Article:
KUALA LUMPUR — June 18, 2019: Deputy Education Minister Teo Nie Ching has deleted a controversial Facebook post in which she invited Malaysians, including non-Muslims, to participate in an online survey to help fine-tune the country’s Islamic studies school syllabus.
The post, published yesterday morning, was deleted after it generated heaps of criticisms from Muslims, who argued that it was wrong for Teo to ask non-Muslims to have a say on what should and should not be taught.
Despite it being deleted, the survey opened to all Malaysians is still accessible at the Education Ministry’s official website, where it asks respondents three open-ended questions on how best to improve the syllabus.
According to Teo, the public feedback survey was being conducted by a task force formed by the National Education Advisory Council.
“So we would like to invite individuals, groups and institutions regardless of race and religion to share their views and suggest ways to enhance our primary school’s Islamic Studies syllabus,” read Teo’s now deleted post.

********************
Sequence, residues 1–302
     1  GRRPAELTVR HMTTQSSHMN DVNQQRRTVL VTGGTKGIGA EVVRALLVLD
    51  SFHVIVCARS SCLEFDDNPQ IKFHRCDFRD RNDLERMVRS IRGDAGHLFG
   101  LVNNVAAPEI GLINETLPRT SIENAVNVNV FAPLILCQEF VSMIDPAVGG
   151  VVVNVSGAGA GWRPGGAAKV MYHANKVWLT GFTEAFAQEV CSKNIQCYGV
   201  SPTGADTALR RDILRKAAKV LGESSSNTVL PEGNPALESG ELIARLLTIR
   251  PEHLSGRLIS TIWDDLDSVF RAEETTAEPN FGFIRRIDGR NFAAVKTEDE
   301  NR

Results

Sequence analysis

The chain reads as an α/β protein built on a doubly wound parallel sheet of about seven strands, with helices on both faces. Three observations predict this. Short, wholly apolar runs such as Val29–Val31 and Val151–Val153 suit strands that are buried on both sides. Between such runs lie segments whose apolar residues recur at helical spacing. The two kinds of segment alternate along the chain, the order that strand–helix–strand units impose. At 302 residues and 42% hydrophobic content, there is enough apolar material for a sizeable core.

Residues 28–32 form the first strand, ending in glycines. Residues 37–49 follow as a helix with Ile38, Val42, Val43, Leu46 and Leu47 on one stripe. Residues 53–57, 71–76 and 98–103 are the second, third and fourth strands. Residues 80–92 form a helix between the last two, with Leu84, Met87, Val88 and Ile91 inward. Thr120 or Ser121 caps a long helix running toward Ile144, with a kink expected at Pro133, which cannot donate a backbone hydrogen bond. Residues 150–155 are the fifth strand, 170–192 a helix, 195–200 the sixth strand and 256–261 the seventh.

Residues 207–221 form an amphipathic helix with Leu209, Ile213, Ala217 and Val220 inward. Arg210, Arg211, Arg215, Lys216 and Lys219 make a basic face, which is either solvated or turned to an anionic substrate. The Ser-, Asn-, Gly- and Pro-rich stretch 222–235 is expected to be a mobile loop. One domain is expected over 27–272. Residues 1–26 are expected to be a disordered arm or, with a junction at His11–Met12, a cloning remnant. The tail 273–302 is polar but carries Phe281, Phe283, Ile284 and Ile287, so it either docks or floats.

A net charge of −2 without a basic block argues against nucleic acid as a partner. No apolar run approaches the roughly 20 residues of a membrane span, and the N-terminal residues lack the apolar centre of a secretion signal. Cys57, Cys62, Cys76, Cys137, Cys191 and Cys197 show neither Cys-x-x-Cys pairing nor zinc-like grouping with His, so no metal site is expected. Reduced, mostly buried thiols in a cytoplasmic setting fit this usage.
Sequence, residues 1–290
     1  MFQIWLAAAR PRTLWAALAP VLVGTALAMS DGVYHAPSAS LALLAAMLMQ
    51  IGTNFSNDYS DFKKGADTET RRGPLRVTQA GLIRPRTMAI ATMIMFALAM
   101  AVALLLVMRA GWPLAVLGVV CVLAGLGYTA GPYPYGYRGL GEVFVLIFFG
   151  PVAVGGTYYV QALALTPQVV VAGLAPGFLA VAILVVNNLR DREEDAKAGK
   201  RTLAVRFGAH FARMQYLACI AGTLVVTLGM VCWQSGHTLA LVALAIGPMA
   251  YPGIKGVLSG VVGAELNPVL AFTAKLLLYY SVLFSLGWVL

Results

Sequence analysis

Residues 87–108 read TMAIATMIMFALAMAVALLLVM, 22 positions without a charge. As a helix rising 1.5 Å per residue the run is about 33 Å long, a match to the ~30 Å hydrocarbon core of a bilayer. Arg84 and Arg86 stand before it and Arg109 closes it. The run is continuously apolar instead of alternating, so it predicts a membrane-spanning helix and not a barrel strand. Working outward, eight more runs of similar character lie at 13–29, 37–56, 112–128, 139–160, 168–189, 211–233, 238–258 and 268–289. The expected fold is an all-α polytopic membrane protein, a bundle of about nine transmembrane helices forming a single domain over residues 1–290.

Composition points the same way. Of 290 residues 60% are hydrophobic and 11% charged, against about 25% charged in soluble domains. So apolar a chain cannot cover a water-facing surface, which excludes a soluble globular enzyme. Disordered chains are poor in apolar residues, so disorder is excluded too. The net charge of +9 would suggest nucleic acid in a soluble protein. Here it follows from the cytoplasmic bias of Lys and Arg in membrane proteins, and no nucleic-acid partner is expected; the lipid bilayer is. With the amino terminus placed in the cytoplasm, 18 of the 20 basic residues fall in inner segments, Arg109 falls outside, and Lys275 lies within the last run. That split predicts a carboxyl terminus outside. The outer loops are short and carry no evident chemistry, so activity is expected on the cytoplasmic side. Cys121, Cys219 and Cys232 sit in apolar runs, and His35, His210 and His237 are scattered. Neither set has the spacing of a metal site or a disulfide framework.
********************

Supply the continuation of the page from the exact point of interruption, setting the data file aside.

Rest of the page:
One of her critics argued that Teo was playing with fire and that the matter could ripple to demands for her to also do the same with the country’s Bible studies syllabus.
A political satire page at Facebook, Tentera Troll Kebangsaan Malaysia, was among the first to highlight and notify Facebookers about Teo’s deleted post and those commenting continued to chastise Teo over her brazen act.
“Stop meddling into the affairs of our religion. She talks as if there are no qualified Muslim scholars to find ways to improve the syllabus,” wrote Puspawangi Fatimah.
“I’ve said it before and I am saying it again. Never trust DAP’s politicians. They will continue to sneakily pull these kind of stunts until they can fulfill their agenda,” wrote Mohd Shahril in reference to Teo’s party.
Another Facebooker, Ahmad Fadly Ibrahim, totally disagreed with the survey as he argued that it is likely that the public has little understanding of the intricacies of fine-tuning a syllabus.
“Their views might be skewered by personal biases and incompatible with the country’s scenario, especially if the opinions do not come from experts. The ministry needs to do things properly,” wrote Fadly.
In a statement today, Teo apologised for causing the uproar and denied that she was trying to meddle in Islamic matters, while also condemning those who politicised the issue.